Issues related to coastal land loss and restoration efforts generally tend to elicit a ho-hum around here.
People know they should care, but losing a football field of coastline every 30 minutes just doesn’t seem as significant as it should when you’re 150 miles from the mouth of the Mississippi River.
Consequently, the growing chorus of complaints from fishermen and elected officials on the Mississippi Gulf Coast over Louisiana’s coastal restoration plans hasn’t generated much interest around here.
It’s time to start paying attention.
Louisiana’s neighbors in Mississippi, as well as many of this state’s own commercial fishermen, are sounding the alarm bell over the large-scale sediment diversion projects intended to help restore coastal marshland.
Specifically, they’re upset about the $1.4 billion Mid-Breton Basin sediment diversion, which promises to rebuild marshland by
diverting fresh, though polluted, Mississippi River water into coastal wetlands, where it will
deposit sediment that will naturally build up.
The Louisiana Coastal Protection and Restoration Authority has made sediment diversions the centerpiece of its multipronged coastal master plan, and acknowledges that while diversions won’t solve all our problems, they’re our best hope for rebuilding at least some of our rapidly depleting coast.
From the perspective of fishermen and Mississippi coastal communities, however, these projects are nothing but multibillion-dollar science experiments that may well do more harm than good.
Their fears are based on what happened to coastal fisheries when the Bonnet Carre Spillway was opened this past summer for the third time in two years, decimating oyster beds, killing shrimp, dolphins and sea turtles, and causing the oxygen-starved Dead Zone in the Gulf of Mexico to balloon to the size of Connecticut.
“There’s no precedent for what’s currently happening in the Mississippi watershed,” Joe Jewell, directory of fisheries for the Mississippi Department of Marine Resources, reportedly told the Biloxi Sun Herald in September.
In October, the Hancock County Board of Supervisors and the Bay St. Louis City Council passed resolutions opposing the Mid-Breton project. Their measure calls on Mississippi’s governor and congressional delegation to oppose the project and the issuance of federal permits needed for its construction.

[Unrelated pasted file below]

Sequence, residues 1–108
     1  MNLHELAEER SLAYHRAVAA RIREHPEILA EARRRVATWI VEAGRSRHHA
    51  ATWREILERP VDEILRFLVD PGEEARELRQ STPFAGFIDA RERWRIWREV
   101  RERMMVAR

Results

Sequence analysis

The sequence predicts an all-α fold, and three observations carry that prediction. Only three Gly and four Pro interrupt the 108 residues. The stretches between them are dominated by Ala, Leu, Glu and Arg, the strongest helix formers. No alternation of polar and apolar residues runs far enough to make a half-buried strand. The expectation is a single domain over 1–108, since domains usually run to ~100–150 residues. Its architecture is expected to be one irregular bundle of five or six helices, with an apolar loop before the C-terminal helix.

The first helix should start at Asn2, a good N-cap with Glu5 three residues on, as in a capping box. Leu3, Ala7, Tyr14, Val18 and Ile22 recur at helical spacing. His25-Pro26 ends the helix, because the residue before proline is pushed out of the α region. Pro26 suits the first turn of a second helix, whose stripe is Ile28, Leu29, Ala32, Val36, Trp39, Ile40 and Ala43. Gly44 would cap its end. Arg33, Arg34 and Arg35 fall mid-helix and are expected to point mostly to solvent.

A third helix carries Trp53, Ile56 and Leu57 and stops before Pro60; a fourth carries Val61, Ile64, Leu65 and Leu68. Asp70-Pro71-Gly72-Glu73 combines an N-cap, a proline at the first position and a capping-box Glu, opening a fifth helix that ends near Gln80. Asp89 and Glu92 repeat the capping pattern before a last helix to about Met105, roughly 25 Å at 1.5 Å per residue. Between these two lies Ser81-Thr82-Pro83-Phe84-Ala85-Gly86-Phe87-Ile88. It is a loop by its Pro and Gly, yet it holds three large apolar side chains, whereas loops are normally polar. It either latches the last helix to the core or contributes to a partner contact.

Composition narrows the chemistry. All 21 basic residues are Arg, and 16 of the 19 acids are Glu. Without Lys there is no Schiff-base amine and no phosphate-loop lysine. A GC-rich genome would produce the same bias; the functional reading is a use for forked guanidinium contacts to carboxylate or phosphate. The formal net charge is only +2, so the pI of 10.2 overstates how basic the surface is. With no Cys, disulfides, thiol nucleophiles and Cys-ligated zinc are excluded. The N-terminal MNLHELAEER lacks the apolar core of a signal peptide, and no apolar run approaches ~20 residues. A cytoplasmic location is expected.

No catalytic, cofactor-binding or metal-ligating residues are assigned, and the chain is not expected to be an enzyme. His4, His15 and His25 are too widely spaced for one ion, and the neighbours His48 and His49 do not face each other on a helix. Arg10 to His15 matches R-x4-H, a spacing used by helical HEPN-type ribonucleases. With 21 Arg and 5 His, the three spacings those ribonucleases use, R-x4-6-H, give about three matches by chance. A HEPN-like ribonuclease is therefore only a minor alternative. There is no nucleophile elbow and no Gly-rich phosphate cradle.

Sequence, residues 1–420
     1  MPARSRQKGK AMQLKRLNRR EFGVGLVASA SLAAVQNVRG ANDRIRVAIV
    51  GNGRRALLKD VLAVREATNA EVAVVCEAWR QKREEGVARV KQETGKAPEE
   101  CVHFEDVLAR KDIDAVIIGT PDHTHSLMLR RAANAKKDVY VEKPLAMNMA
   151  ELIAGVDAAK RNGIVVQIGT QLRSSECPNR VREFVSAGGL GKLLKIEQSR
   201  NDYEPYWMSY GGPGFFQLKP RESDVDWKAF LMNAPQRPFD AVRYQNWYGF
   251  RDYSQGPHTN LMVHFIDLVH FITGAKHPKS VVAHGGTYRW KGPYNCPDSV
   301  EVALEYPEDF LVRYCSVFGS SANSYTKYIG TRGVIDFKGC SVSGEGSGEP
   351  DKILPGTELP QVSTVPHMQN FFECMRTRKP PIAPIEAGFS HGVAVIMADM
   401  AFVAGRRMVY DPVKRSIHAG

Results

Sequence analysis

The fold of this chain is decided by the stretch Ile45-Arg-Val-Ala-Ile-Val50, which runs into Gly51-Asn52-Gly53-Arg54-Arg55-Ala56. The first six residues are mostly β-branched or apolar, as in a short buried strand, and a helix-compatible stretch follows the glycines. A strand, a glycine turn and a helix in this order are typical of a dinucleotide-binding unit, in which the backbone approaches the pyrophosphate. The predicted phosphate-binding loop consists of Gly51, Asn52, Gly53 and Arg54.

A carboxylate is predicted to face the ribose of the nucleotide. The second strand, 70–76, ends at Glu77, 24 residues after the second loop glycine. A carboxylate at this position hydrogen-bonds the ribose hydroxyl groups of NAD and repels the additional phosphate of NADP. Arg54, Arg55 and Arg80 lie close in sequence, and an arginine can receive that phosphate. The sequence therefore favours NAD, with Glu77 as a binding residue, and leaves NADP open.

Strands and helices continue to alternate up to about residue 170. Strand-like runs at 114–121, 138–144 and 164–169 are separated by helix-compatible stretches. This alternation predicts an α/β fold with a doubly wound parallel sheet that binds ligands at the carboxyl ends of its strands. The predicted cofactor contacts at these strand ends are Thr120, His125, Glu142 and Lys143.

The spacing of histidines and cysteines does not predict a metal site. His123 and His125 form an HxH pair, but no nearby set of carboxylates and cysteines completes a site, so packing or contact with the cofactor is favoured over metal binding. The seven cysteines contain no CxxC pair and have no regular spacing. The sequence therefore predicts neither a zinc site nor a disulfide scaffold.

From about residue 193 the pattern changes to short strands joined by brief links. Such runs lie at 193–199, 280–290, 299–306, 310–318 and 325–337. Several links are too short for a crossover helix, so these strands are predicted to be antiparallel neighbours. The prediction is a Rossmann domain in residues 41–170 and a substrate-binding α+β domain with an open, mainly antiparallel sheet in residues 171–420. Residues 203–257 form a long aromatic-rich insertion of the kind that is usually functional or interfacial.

Harrison County followed suit a couple of weeks later. More significantly, Mississippi’s attorney general put the U.S Army Corps of Engineers on notice in late October that his state will sue for damages related to the spillway opening.
Closer to home, Louisiana’s commercial fishermen are waging a grassroots and social media campaign aimed at calling attention to the matter. The Gulf Coast Resource Coalition is circulating an ad depicting a mouth-watering plate of grilled oysters below a quote attributed to Mitch Jurisich, chair of the Louisiana Oyster Coalition. It reads: “Love grilled oysters? Sorry … Louisiana’s river diversion projects will kill them all.”
The CPRA says it is aware of the concerns and obviously doesn’t want to do anything to harm coastal fisheries. But CPRA Executive Director Bren Haase also says it’s inaccurate to compare the spillway opening, which let loose river water at a flow rate of 215,000 cubic feet per second, with a sediment diversion like the Mid-Breton, which will flow at a rate of 75,000 cubic feet per second.
What’s more, he says, it will take at least five years before the project is permitted and it must first undergo a rigorous environmental impact study. He adds that Mississippi is represented on the CPRA board and is supportive of Louisiana’s coastal master plan.
For now, at least.
But those raising concerns are not fringe environmentalists or conspiracy theorists that can be waved away. They’re government officials in a neighboring state and commercial fishermen, who make their living in one of Louisiana’s most important industries. How long can they be ignored? Will their complaints delay or derail the diversion projects? If so, would that be a bad thing?
The questions are worth asking, because much uncertainty surrounds these really large-scale investments. On one hand, science suggests diversions are the best way to restore at least some coastal marshland. On the other hand, we don’t really know how
effective they will be long term and what kind of collateral damage they will cause in the process.
Are they worth the billions they will cost? Or would it make more sense to invest our considerable BP settlement largesse in more modest, smaller scale projects like backfilling canals and shoreline stabilization protection?
“This stuff has a ton of uncertainty,” says Bob Jacobsen, an environmental engineer. “If you want to have a big impact on reversing delta loss, it sounds like a good idea. But everybody is focused on moving mud around and is losing sight of the fact that the goal is to have an impact on our ecological resources—and we are not listening to the people who best understand our ecological resources.”
There are no simple answers. The CPRA and its scientists have put together a comprehensive master plan they legitimately believe is in the state’s best interest.
Now, those plans are being seriously challenged, whether rightly or not. You can bet the Corps will not ignore the challenges as it goes about preparing its environmental assessment of these diversions. Whatever the outcome, it will have implications for all of Louisiana and its future.
It’s time for Baton Rouge to start paying attention.